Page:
|Tue May 17 2011 20:46:02|
New eBay Search Feature Makes It Too Easy to Buy?
By: Ina Steiner
A new eBay feature lets shoppers preview items on search results pages rather than going directly to the item pages - see Wednesday's AuctionBytes Newsflash article for details. It's an "experimental" feature that shoppers must opt-in to on the eBay Garden page if they wish to use it.
The preview pane gives a glimpse of what standardized eBay listings might look like minus the templates. There's been speculation in the past that eBay could do away with customized templates and use a standardized listing page - I'd be curious to hear what others think.
What's nice about the new "preview pane" is that it stays in place while you scroll down the search results page looking at other listings.
However, sellers may be concerned with the fact that eBay has included Buy Now and Bid buttons on the preview pane. This means shoppers can buy an item without ever visiting the item page and reading all of the information the seller has provided.
I asked eBay spokesperson Johnna Hoff about this, and she said the information shown on the preview pane was based on what customers told eBay they wanted to see before purchase, and that those who want additional detail can find it from the preview pane in several ways: "see full details," "read details" (returns) and "see full description" (description).
"In the research we did for the development of preview pane, approximately half of the respondents requested direct purchase from preview pane so we are making that functionality available in the Garden version," Hoff said.
In a search for "Rolex watch," I noticed that when I clicked through to the item page of one of the listings, the seller provided information that the watch would fit up to a 7 3/4" wrist. On the item preview pane, that information was absent.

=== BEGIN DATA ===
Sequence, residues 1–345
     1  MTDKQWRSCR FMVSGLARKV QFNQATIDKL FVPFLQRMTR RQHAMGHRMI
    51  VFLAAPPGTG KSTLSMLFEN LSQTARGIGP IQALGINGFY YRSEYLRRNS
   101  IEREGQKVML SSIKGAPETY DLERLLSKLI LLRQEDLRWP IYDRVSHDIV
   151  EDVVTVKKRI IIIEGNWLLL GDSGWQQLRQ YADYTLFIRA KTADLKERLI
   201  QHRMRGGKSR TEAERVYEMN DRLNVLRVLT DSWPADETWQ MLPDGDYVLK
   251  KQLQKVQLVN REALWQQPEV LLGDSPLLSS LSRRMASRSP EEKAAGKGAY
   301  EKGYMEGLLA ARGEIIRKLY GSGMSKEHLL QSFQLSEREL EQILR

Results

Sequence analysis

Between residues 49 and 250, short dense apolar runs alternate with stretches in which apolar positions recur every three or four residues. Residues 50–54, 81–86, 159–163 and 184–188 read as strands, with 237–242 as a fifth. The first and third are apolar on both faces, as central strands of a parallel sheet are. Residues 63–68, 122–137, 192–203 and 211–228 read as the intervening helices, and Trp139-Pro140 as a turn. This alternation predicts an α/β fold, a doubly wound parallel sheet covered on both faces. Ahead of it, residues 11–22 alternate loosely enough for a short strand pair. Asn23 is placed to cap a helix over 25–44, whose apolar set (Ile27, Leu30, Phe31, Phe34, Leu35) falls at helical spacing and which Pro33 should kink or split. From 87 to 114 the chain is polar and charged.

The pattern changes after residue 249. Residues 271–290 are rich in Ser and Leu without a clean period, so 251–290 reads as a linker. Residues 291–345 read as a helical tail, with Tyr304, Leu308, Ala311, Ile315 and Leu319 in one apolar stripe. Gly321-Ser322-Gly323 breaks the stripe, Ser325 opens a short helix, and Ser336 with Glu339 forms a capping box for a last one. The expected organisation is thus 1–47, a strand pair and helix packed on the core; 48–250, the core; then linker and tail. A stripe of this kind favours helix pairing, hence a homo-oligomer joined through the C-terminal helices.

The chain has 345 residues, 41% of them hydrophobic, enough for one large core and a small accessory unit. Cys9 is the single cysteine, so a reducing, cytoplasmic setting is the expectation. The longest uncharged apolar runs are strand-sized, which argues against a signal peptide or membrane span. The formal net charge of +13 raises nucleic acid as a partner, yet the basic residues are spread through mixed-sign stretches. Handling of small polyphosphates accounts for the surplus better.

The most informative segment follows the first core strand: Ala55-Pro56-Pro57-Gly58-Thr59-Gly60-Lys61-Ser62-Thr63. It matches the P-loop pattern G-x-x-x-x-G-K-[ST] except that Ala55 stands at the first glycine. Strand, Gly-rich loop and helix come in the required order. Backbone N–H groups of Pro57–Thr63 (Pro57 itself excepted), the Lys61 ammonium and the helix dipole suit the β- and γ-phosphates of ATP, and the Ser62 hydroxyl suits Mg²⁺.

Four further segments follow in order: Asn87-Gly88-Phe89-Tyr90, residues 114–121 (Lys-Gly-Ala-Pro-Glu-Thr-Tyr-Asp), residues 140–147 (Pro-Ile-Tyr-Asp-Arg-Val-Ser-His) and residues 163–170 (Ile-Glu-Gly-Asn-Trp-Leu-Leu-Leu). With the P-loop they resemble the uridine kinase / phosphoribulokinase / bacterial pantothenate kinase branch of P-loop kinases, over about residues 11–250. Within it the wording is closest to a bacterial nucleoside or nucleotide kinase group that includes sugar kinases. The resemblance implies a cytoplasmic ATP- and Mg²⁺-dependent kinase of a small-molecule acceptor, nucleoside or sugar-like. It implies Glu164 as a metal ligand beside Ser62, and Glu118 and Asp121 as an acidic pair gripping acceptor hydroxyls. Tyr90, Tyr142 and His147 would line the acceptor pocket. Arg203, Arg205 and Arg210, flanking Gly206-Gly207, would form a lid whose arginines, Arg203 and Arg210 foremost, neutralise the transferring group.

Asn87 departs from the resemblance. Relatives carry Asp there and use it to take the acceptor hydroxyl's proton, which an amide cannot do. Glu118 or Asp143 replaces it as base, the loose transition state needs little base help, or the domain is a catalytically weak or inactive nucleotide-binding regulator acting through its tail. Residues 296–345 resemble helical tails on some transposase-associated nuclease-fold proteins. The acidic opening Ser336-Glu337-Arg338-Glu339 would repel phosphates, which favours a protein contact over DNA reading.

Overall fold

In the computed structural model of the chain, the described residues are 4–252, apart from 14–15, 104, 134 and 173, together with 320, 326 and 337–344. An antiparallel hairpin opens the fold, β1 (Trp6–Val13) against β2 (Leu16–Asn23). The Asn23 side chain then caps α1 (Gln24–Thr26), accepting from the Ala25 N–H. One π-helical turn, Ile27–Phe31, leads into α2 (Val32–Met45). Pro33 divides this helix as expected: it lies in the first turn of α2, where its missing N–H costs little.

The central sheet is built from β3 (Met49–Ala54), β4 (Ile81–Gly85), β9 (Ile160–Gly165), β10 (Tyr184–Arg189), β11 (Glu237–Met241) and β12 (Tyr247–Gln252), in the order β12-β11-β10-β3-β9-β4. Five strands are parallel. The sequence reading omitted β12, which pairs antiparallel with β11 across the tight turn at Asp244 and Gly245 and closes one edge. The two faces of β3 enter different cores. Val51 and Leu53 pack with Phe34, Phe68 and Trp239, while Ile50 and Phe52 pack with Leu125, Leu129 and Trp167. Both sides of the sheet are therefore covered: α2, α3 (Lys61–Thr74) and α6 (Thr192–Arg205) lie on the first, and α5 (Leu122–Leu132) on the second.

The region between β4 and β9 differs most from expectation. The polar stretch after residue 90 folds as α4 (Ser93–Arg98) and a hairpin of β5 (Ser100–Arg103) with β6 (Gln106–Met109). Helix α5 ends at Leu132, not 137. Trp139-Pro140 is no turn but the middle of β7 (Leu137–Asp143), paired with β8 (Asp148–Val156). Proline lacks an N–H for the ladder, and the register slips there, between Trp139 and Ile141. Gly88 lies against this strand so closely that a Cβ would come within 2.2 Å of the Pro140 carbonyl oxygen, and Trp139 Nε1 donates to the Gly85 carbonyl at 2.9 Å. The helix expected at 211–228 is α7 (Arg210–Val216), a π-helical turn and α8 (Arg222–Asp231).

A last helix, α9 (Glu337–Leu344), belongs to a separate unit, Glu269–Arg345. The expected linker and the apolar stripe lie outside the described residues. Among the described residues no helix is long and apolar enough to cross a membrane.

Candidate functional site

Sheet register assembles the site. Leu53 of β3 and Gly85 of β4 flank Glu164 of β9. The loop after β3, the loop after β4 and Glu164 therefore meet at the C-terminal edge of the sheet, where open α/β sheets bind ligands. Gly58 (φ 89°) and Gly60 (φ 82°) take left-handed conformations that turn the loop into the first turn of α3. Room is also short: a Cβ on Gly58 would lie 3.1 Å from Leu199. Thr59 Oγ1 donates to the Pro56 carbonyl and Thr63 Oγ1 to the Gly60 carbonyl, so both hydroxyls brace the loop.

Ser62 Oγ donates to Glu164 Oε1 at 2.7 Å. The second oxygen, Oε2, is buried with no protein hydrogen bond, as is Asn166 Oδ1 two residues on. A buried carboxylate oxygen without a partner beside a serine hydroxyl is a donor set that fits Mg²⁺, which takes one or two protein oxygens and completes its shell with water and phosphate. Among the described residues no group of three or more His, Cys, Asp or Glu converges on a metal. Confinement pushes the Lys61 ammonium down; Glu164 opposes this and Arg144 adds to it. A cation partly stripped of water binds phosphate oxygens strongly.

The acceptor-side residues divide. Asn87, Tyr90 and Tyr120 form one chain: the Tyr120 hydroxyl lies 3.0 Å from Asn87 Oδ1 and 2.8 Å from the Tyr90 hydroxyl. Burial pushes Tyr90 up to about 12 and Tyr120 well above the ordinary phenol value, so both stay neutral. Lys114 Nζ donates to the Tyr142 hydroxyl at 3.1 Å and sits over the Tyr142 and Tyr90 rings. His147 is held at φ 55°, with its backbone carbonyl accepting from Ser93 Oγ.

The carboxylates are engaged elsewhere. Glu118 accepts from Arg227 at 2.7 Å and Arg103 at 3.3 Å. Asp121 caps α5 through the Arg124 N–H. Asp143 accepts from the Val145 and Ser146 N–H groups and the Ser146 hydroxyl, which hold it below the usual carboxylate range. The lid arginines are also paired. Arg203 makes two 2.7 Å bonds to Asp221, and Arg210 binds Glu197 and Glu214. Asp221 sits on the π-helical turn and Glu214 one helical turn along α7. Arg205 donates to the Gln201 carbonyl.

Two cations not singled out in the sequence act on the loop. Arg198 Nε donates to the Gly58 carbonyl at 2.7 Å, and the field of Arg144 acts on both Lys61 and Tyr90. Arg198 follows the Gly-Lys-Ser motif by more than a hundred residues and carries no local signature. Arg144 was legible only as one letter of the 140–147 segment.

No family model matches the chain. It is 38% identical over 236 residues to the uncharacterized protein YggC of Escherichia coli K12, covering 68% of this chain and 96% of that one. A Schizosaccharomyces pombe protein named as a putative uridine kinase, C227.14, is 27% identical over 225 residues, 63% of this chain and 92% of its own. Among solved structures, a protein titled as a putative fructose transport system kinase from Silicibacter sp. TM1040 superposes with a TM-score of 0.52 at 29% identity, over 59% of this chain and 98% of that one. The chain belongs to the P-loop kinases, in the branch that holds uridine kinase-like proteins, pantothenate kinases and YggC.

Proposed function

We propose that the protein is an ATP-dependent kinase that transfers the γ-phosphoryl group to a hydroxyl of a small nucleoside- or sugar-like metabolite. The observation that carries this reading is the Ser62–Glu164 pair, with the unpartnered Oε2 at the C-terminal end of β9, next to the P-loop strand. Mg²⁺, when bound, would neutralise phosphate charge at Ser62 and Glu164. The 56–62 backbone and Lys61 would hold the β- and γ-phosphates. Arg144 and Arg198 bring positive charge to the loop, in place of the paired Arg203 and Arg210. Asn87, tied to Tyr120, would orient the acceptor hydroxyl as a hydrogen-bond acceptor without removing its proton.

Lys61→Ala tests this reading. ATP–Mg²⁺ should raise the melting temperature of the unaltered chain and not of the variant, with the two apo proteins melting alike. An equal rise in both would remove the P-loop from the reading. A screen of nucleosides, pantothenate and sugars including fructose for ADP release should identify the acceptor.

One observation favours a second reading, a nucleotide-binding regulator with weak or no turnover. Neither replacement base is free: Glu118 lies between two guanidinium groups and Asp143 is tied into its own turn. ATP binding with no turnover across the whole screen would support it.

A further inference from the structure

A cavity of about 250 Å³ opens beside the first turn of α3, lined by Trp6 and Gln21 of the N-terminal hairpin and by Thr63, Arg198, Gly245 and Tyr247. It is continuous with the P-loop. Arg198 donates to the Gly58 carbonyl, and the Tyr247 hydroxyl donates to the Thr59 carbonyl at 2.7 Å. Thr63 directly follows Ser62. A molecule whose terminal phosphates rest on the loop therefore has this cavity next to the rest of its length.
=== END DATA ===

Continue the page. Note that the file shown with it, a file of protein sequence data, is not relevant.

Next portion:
By including the Buy Now button, is eBay making it a bit too easy to buy?
It reminded me of something Amazon.com CEO Jeff Bezos said last week at the ShopSmart Summit. He was talking about providing information to shoppers that might make them think twice about buying a product.
For example, Amazon.com includes negative product reviews, and it includes messaging on product pages if the consumer had previously purchased the item - Amazon.com doesn't want the customer to accidentally purchase a duplicate item. Bezos said Amazon.com doesn't make money when it sells things - "we think we make money when we help customers make purchase decisions."
Giving shoppers tools to help them wade through search results is good, but letting them actually buy things without reading the details the seller has provided is not.
If buyers are unhappy when items arrive because they failed to read the listing details, not only would sellers have to take the time to process returns, it could lead to disputes, claims and poor seller ratings - and these days, with DSRs and open claims penalties, that spells big trouble on eBay.